Phelps:  I think what Bri means is, “I’mma let you finish, but Wu Tang has one of the best posse cuts of all time.”  This song is good, but to me it sounds more like a haphazardly cut and paste mixtape track.  Yes, Hit-Boy’s approximation of a 90s Pete Rock banger is flattery in its purest form, but, none of the verses sound like they go together.  Does anyone believe these dudes were within 1000 miles of each other?  It’s not cohesive, and that doesn’t matter always, but if we’re going to discuss in context of “Triumph”, I think it does.  That was an event.  That track had me skipping school to grab the double album at Bottom Beat, where it was blaring from speakers setup on the cracked sidewalk.  You believed that Wu was a family, was forever.  This is more like a track off one those copycat mixtapes on Dat Piff that pairs verses from random tracks.  Is this Joey Bada$$’ “Live at the BBQ” moment a la Nas?  Not really, because, as Bri mentioned, he’s already made a name; same for Danny Brown, who is indeed on some otherwordly shit.  Bronson’s verse is solid, but compared to what he’s putting out on his own, it doesn’t stand out.  Maybe when A$AP gives interviews saying it’s his “posse cut,” he means it is more like  random mixtape track – well, then, that’s where it belongs.  It’s just not that impressive stuck on his debut full length.
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“Suddenly”
Production: A$AP Rocky with Hector Delgado and A$AP Ty Beats
Marcus:  I couldn’t be less interested in the rags-to-riches story of Rakim Myers, even if the production reminds me of Scott Storch’s work on Boogiemonsters’ 1994 classic “Recognized Thresholds of Negative Stress“. That’s the huge problem with Rocky. The production of his tracks are incredible, then he starts to rhyme, and you begin to wonder if you’ve taken out your garbage or cleaned your gutters. He’s incredibly pedestrian as an emcee, telling stories with tired metaphors and comparing himself to rappers that, at his current pace of development as a performer, he will never actually become. But, wow, is this one helluva ponderous production: spooky, dark, and deep. I wish it had been saved for say, the Flatbush Zombies’ debut.
Phelps:  This beat is bananas, especially when the drums come in around 2:28.  A$AP Rocky himself had at least a hand in the production, which is impressive.  Unfortunately, it just makes me want to listen to Ghostface, the world champion of dropping vocals over entire soul songs.  A$AP is betting heavily on his cult of personality versus his talent, but I think he still kicks a decent flow here at 2:30.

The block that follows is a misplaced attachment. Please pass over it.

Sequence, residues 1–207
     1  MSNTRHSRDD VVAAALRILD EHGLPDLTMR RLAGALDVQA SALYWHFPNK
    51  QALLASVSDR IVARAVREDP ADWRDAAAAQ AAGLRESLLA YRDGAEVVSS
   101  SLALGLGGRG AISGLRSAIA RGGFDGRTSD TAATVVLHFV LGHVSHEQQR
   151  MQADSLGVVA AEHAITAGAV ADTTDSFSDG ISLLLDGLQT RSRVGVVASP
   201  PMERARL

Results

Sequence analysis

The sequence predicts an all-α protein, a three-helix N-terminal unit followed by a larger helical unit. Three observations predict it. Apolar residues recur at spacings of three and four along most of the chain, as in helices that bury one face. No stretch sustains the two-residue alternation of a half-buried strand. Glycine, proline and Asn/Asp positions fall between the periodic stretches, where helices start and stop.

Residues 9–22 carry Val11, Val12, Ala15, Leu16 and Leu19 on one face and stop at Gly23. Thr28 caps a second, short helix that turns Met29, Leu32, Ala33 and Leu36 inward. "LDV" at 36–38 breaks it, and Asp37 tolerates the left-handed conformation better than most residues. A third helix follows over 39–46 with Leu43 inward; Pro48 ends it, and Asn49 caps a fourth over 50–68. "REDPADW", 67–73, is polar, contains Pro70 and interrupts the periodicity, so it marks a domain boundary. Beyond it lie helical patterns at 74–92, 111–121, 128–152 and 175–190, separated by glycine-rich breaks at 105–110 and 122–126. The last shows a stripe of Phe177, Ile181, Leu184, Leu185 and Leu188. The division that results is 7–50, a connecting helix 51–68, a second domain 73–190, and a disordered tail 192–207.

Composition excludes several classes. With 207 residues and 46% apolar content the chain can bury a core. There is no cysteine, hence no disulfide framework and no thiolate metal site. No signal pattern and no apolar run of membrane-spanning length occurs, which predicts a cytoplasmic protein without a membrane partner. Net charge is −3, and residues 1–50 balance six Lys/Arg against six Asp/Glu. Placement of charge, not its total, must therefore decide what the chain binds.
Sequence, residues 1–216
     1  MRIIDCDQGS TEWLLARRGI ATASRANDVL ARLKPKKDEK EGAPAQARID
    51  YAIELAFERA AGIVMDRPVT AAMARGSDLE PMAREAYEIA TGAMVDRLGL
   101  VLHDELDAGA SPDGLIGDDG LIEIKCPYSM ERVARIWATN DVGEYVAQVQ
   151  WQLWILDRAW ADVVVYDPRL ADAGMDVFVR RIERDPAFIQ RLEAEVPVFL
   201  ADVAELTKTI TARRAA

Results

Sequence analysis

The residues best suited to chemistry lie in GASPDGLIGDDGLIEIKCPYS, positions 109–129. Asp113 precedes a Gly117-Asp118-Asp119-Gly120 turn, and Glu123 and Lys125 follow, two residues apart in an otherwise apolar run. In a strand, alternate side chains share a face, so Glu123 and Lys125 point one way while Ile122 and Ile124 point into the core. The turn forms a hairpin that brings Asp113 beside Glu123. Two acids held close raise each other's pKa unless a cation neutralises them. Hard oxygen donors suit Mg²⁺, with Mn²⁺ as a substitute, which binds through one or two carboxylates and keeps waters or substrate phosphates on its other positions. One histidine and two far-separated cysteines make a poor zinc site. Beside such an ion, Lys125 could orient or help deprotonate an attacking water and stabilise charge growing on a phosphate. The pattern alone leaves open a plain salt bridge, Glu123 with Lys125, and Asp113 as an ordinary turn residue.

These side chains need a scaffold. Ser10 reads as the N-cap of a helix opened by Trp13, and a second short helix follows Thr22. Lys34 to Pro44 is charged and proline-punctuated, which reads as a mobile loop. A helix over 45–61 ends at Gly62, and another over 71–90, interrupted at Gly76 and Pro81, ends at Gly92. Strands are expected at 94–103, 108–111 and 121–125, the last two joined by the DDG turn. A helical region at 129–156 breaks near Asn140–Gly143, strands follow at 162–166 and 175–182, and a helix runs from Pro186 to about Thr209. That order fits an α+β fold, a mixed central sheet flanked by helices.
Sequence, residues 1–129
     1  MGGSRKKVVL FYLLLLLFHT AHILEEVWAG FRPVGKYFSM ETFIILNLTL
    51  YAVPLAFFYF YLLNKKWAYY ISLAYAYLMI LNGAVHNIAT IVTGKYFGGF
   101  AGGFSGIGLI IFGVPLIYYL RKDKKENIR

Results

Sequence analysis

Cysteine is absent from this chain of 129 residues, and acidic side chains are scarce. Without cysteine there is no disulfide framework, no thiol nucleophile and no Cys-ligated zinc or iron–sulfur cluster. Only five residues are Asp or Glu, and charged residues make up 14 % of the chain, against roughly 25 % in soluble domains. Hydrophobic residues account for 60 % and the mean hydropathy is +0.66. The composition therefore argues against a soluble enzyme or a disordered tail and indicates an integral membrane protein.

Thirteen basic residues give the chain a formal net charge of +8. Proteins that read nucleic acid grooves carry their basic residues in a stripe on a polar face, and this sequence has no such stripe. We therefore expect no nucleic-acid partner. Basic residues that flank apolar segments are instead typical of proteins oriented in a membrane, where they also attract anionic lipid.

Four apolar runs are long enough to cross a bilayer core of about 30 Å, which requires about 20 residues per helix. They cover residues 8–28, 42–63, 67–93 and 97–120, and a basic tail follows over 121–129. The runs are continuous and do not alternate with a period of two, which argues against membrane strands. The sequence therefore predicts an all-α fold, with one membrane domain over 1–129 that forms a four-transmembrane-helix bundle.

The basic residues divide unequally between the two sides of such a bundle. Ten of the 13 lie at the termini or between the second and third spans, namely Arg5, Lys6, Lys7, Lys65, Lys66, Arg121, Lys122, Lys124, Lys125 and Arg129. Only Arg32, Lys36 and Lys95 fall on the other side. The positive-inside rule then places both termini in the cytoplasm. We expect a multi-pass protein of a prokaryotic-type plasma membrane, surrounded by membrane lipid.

Phil:  A$AP certainly isn’t the first rapper to rush through the typical “rags-to-riches” narrative arc in an effort to arrive prematurely at woe-is-me pathos, to let us know, yet again, that mo’ money means mo’ problems.  Drake, I’m looking at your sad face and that stupid fucking golden owl.  But something about A$AP going for it here, on his debut LP, bristles me.  “I swear this famous shit just happened overnight / For sho’ these hoes was so uptight but now they so polite / All I see is fake love, smiles, and overbites,” he opens on “Suddenly”.  And I’m having none of it.  A$AP essentially spends the entirety of the record up to this point as a conduit for the virtues of a certain luxury lifestyle, and now, on the album’s closing track, he wants to turn around and bitch about it?   With Drake, you get a sense that his narcissistic mopiness is rooted in feelings of inadequacy; on a song like “Marvin’s Room”, he’s willing to let himself sound utterly pathetic to get it across.  A$AP feels nothing akin to that.  He’s the embodiment of dead-behind-the-eyes swag.  He’s an empty vessel, filled up with what he thinks we want to hear.  So, here’s some perfunctory bitterness, because that’s what he thinks he’s supposed to do.  There’s nothing about A$AP that isn’t contrived. Watch his interview with Danny Brown.  Listen to the canned answers and look how he’s constantly fidgeting, repositioning himself for the camera.  The dude radiates self-consciousness on a level with Justin Beiber.  I’ve got no problem with A$AP when he’s rapping about “fuckin’ problems,” but I’m not going to listen when he acts like they’re not exactly what he wants.
Bri:  Beyond whether the story behind “Suddenly” comes from a sincere place, I really just like the song. As both Marcus and Josh mention, it’s definitely about the production here. I love the pace change midway through and Rocky handles it nicely. Though it’s true other rappers may do narrative/emo rap better, I can appreciate this.